Wednesday, July 18, 2012

Five notable books on happiness through negative thinking

Oliver Burkeman is a writer for The Guardian based in Brooklyn, New York. His new book, The Antidote: Happiness for People Who Can't Stand Positive Thinking, explores the upsides of negativity, uncertainty, failure and imperfection. Each week in "This Column Will Change Your Life" he writes about social psychology, self-help culture, productivity and the science of happiness, and makes unprovoked attacks on The Secret.

With Jane Rudloff at The Browser, Burkeman discussed five top books on happiness through negative thinking, including:
The Wisdom of Insecurity
by Alan Watts

The Wisdom of Insecurity by Alan Watts also feeds into this idea [that we "should try to rest in uncertainties and doubts, accepting that they’re a part of us, rather than trying to stamp them out so as not to have to think about them"].

This is a very thin book but a mind-blowing one. In many ways it was part of my motivation to write my book. Alan Watts was a philosophical populariser. He called himself a “spiritual entertainer”, and went around the world giving lectures and writing popular books about Eastern philosophies such as Zen Buddhism and Taoism. This book is about non-dualism – the theory that in some sense, everything is one. It’s the principle encapsulated in the symbols of yin and yang. These days it is often seen as cheesy and New Age. But there’s vastly more to it than that.

In this book Watts argues that the reason why we feel so insecure is because of all our struggles to feel secure. He was writing in the 1950s, but we surely feel just as insecure, indeed more so, today. He calls this “the law of reversed effort”. Our security-seeking efforts, like many other techniques of positivity, are all about trying to shore up our own egos – to make ourselves into well-defended, separate units. Watts argues that this is based on a fundamental failure to understand how life works.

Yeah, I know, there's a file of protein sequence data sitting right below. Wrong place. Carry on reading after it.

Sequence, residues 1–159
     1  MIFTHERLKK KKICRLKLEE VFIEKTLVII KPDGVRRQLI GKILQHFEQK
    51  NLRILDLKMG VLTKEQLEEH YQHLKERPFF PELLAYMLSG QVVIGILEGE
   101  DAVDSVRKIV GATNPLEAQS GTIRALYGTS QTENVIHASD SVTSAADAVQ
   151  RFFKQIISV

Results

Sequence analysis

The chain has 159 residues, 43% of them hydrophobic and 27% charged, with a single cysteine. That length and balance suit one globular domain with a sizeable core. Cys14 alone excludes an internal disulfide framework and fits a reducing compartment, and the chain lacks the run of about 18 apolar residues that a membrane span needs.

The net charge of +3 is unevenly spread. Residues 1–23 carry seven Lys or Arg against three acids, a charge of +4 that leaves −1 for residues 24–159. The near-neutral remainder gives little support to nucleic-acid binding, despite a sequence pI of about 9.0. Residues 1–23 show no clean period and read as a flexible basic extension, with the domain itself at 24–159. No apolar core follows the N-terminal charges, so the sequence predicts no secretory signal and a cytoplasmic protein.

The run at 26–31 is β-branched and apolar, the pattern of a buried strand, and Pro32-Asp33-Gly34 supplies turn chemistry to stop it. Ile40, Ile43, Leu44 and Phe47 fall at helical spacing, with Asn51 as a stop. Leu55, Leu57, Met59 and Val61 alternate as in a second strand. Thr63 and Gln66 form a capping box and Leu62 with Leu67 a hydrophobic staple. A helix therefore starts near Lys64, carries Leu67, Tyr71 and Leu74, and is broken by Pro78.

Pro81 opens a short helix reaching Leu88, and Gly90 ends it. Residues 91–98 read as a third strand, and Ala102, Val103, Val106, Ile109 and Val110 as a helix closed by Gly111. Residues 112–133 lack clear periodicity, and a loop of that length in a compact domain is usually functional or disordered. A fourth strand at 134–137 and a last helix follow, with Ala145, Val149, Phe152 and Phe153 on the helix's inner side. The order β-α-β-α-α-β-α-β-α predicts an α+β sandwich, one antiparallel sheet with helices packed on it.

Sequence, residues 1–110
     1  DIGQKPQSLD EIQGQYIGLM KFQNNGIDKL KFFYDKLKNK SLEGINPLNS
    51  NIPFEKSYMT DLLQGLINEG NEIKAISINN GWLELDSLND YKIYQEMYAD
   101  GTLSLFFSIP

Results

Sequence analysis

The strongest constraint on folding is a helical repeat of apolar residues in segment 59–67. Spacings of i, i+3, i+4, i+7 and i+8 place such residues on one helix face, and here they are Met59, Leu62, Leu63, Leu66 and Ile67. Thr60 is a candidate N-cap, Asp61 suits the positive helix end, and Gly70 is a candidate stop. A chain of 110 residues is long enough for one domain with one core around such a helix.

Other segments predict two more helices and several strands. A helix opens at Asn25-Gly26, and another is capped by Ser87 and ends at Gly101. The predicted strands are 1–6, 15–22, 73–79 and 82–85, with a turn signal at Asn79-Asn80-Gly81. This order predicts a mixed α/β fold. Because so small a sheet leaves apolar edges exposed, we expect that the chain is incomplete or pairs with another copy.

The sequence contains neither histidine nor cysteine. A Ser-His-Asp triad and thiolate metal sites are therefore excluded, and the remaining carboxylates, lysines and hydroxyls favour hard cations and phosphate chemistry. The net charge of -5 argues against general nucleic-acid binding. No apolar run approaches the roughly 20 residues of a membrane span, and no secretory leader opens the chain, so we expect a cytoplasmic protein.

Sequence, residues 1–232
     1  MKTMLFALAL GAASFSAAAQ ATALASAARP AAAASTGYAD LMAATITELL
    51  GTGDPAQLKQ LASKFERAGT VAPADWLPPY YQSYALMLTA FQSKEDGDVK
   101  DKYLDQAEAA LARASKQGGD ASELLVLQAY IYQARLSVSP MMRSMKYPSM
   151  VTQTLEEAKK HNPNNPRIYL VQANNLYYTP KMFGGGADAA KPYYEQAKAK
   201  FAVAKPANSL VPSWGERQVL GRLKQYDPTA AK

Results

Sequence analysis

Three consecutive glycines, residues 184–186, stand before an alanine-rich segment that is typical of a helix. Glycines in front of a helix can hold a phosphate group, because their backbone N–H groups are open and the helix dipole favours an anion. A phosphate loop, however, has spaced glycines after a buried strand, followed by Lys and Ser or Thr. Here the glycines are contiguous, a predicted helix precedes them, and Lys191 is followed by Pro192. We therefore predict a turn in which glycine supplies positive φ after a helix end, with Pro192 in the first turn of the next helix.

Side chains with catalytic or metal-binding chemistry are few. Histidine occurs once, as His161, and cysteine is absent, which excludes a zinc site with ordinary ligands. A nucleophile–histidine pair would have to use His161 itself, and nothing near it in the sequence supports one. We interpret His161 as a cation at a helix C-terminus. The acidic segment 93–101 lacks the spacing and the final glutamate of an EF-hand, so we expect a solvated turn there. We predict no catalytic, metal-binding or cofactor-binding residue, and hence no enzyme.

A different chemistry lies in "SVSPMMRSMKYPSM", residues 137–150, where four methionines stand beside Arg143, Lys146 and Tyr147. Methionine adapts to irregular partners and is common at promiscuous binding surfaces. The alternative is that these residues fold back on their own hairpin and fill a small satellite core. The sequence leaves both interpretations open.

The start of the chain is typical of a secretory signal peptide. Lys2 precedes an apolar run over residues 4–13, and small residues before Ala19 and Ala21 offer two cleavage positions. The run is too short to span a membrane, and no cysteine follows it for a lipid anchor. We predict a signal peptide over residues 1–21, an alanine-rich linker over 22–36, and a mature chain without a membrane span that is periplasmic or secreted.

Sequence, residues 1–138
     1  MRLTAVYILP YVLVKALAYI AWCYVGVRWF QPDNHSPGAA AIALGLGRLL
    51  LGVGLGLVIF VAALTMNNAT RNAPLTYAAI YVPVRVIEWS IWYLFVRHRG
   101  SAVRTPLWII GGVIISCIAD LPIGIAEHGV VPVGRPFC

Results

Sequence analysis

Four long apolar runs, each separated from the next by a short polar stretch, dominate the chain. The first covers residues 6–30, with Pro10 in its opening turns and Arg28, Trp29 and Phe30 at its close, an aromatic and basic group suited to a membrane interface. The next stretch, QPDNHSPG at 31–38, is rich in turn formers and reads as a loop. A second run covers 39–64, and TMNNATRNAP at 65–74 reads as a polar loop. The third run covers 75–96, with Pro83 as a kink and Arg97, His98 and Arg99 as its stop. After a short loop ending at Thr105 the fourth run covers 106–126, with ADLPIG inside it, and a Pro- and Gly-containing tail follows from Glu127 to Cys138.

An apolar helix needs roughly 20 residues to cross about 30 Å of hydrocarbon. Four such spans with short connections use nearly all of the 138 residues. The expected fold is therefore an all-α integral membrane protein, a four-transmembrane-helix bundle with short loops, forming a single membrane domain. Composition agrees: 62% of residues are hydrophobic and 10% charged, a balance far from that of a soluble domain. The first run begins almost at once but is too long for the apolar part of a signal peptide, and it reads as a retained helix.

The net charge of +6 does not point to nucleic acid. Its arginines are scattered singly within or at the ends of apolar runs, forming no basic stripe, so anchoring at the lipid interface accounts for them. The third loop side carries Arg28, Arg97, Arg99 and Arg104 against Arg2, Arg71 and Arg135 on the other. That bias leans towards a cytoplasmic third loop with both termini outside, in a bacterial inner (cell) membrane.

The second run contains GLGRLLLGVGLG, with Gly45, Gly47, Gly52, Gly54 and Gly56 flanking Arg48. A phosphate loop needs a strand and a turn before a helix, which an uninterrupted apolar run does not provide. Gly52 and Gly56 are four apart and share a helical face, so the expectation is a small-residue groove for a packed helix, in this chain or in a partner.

What does he suggest we do instead?

What he is pointing to is that the concepts of positive and negative are entwined, and must ultimately be transcended. Focusing on only one side of the human emotional repertoire doesn’t work. It denies life, and it denies reality. Trying to live a life that is only positive, Watts would argue, is like trying to imagine a wave that only has a crest and not a trough. Well, that’s not a wave.
Read about another book Burkeman tagged at The Browser.

Visit Oliver Burkeman's website.

The Page 99 Test:  The Antidote.

--Marshal Zeringue